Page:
Persson added in the piece, “If the government and health care system, including public and private insurers, could mimic what goes on inside families, then we could reduce health inequity by as much as 18 percent.”
A key solution may be in creating a closer, longer-term relationship between patients and their doctors, the authors said. But they also warned that the U.S. appears to be moving away from this “old-fashioned” primary care model when their results suggest that we want to do the reverse.
This is a reposting of my Scope blog story, courtesy of Stanford School of Medicine.
Many people make New Year’s resolutions to exercise more or eat healthier. Not Stanford neurobiology professor Andrew Huberman, PhD. This year he set out to educate the public about exciting discoveries in neuroscience using Instagram.
Huberman’s sights are high: he pledged to post on Instagram one-minute educational videos about neuroscience an average of five times per week for an entire year. I recently spoke with him to see how he’s doing on his resolution.
Why did you start the Instagram video series?
“Although I’m running a lab where we’re focused on making discoveries, I’ve also been communicating science to the general public for a while. I’ve found that there’s just immense interest in the brain — about diseases, what’s going on in neuroscience now, and how these discoveries might impact the audience. The brain is just so amazing, so the interest makes sense to me.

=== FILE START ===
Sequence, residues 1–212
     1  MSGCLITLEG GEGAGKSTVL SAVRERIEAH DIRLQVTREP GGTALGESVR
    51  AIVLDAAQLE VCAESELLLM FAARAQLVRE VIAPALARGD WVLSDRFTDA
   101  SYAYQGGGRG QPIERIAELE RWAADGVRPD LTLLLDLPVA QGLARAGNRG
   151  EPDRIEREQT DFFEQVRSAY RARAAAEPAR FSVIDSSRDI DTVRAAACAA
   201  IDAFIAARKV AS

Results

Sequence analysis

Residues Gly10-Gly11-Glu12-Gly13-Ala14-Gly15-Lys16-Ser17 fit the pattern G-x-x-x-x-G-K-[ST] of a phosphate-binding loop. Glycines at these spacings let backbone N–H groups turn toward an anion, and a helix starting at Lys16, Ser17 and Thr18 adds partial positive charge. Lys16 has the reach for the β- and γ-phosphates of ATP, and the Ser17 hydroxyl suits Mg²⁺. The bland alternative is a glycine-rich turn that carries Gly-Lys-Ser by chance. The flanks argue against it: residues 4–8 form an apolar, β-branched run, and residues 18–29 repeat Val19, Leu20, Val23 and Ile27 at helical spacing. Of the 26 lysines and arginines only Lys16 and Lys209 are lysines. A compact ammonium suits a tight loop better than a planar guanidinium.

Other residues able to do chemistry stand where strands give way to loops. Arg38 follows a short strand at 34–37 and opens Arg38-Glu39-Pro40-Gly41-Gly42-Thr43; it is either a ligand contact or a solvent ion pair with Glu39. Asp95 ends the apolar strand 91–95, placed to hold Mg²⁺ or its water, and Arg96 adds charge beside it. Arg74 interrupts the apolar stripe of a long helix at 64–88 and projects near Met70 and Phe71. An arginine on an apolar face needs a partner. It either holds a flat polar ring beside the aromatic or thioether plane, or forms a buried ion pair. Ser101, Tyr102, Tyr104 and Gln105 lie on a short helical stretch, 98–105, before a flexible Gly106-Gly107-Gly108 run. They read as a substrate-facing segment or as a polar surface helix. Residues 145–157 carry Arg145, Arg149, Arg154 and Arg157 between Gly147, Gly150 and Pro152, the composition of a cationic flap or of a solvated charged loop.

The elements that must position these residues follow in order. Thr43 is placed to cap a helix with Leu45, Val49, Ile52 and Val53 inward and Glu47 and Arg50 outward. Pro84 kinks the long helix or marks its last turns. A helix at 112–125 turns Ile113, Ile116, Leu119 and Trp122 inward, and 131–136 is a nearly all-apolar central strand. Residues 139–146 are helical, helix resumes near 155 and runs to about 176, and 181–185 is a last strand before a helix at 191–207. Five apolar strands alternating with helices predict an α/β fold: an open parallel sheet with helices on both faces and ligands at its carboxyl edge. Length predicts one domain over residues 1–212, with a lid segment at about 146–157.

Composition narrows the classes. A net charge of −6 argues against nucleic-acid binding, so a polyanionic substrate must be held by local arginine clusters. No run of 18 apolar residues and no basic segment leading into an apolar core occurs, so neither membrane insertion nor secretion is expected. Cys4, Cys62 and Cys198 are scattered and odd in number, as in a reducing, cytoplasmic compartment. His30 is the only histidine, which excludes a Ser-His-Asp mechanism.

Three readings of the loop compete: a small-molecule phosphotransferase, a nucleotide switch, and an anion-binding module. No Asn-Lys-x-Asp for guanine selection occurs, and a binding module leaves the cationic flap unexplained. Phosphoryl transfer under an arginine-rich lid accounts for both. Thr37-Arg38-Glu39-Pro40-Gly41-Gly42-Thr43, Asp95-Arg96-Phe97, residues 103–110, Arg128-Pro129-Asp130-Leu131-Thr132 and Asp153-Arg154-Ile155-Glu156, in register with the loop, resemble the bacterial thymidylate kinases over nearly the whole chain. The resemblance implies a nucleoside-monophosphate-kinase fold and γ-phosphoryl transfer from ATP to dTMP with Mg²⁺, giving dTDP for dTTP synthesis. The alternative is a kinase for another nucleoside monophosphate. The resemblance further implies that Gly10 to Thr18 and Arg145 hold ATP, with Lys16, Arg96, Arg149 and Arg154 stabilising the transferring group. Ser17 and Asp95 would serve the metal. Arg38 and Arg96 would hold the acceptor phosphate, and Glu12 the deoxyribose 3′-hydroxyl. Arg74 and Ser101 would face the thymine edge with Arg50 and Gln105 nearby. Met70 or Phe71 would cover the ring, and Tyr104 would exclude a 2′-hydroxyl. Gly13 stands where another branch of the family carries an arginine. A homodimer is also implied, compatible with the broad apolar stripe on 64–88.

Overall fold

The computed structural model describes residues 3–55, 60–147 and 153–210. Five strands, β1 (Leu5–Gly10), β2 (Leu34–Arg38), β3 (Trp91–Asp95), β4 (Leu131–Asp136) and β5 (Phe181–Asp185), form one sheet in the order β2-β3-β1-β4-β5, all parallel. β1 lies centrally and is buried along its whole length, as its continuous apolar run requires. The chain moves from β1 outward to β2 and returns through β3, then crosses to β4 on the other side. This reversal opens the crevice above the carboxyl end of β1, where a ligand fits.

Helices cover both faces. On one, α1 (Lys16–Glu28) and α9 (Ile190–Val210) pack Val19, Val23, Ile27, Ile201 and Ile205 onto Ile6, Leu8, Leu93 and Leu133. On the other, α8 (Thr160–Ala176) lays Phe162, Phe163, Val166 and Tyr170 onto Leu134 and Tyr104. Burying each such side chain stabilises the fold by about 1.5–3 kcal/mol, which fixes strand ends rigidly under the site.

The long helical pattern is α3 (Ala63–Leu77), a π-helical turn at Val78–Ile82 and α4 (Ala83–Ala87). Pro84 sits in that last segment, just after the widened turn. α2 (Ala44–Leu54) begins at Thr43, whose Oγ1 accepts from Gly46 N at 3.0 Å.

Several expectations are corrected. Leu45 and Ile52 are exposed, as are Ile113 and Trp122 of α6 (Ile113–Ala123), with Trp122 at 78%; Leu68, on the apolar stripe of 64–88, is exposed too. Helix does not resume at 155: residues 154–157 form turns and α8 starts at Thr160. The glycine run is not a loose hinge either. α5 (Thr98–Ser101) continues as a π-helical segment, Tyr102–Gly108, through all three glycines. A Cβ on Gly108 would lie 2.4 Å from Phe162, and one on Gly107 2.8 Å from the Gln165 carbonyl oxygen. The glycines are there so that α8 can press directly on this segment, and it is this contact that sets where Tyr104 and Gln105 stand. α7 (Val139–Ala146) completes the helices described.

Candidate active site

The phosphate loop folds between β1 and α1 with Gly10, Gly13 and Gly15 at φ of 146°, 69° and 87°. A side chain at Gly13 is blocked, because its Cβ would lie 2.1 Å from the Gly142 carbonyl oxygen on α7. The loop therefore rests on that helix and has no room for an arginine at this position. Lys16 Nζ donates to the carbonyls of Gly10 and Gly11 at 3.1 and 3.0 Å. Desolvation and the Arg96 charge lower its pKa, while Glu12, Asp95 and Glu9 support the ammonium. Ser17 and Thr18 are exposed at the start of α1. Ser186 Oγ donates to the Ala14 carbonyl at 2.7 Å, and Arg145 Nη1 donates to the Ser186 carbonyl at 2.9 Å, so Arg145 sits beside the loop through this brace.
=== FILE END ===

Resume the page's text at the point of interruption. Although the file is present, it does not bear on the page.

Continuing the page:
I don’t spend much time on social media, but Instagram seemed like an interesting venue for science communication because it’s mostly visual. My lab already had an Instagram account that we successfully used to recruit human subjects for our studies. So at the end of last year, I was talking with a friend about public service. I told him I was thinking about creating short, daily educational videos about neuroscience — a free, open resource that anyone can view and learn from. He and some other friends said they’d totally watch that. So I committed to it in a video post to 5000 people, and then there was no backing down.”
What topics do you cover?
“I cover a lot of topics. But I feel there are two neuroscience topics that will potentially impact the general public in many positive ways if they can understand the underlying biology: neuroplasticity — the brain’s ability to change— and stress regulation. My primary interest is in vision science, so I like to highlight how the visual system interacts with other systems.